Three join Eagle Scout ranks with projects

By Sarah Brown
Lebanon Local
The Boy Scouts of America offers a program where youth learn values and skills that influence their adult lives.
One of the organization’s major components is the opportunity to earn merit badges from a list of 138 options including such subjects as animation, basketry, camping, cooking, digital technology, engineering, first aid, golf, mammal study, snow sports and more.
A Scout can earn the highest rank, Eagle Scout, after earning 21 badges, including some specific badges required for the Eagle rank. To reach that level, they must complete a project that benefits another organization.
During the past year, three from Lebanon’s troops have earned the Eagle Scout rank.

Boyce’s completed project for Camp Alma for veterans.

Kyler Boyce, 18, of Troop No. 88, was around 13 years old when he joined the Boy Scouts. He had just moved to Lebanon from Alaska and was looking for a personal change.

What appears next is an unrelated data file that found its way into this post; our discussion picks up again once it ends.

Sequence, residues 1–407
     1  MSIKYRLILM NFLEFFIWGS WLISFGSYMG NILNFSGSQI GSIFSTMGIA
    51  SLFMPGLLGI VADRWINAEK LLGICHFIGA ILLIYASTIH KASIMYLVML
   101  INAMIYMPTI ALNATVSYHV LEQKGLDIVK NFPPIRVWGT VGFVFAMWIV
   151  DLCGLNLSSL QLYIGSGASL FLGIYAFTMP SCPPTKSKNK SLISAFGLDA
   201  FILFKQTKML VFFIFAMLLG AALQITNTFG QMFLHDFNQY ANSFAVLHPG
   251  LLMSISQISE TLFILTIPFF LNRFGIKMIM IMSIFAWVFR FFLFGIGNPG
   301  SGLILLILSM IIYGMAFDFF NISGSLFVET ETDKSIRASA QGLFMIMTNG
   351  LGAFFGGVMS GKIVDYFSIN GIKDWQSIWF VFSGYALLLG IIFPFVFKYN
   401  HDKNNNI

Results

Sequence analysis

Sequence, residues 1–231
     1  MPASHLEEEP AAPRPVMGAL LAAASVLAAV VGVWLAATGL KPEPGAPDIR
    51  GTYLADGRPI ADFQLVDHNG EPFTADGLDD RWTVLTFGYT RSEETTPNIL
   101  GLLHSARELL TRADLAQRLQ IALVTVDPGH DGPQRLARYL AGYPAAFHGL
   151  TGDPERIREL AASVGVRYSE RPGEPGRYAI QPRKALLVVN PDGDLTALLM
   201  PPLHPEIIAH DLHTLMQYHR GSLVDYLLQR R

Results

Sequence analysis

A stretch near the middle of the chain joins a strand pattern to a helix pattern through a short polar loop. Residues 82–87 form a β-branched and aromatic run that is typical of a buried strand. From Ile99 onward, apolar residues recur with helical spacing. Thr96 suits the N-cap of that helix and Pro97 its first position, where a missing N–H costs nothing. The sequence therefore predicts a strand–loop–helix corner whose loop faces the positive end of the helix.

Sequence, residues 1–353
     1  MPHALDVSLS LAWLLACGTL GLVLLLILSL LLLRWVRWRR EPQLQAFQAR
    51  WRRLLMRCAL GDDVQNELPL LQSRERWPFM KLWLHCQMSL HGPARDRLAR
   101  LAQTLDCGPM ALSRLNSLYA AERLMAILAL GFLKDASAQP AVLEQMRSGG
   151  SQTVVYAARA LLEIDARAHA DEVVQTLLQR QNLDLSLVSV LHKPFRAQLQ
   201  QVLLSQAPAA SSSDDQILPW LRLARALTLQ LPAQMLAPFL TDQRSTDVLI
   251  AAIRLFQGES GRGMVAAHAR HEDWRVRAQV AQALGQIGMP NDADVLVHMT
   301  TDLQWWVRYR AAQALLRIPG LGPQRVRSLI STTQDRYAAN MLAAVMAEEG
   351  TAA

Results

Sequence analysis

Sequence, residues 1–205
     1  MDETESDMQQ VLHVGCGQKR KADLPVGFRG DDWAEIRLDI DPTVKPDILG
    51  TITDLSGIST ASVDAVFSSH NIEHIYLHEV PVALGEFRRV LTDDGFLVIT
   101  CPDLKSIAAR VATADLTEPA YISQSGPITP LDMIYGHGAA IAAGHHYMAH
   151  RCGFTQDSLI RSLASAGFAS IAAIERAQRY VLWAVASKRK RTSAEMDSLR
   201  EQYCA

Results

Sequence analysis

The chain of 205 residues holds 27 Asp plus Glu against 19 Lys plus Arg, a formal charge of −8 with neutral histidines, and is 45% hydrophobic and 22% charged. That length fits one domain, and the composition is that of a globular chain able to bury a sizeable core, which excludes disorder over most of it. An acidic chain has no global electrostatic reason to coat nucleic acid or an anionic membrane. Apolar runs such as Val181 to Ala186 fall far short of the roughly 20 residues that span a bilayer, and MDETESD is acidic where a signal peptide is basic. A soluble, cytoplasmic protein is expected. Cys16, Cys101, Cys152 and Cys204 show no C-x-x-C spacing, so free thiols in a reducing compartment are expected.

“When I was in Alaska, I really didn’t do much,” he said. “I wanted to better myself by doing something and putting myself out there and making friends and doing more with the outdoors.”
He liked how easy it was to make friends in the Scouts, and the many interests he could pursue and master. Some of his favorite merit badges earned included pioneering, archery, rifle-shooting and wilderness survival.
For his Eagle Scout project, Boyce built a bench around a 17-foot tree at Veterans Legacy Camp Alma, a rural rehabilitation center for veterans outside of Eugene.
“I built it because I wanted to help the facility there,” he said. “The tree seat will allow them to be able to sit on it and rest and think about peace and treatment.”
Boyce began the project in November 2021 and completed it near the end of March 2022. The project improved his leadership skills, he said, and he learned to respect peoples’ different skill levels. He also learned to make a base around the tree because its roots were protruding, and found making precise cuts to the boards challenging.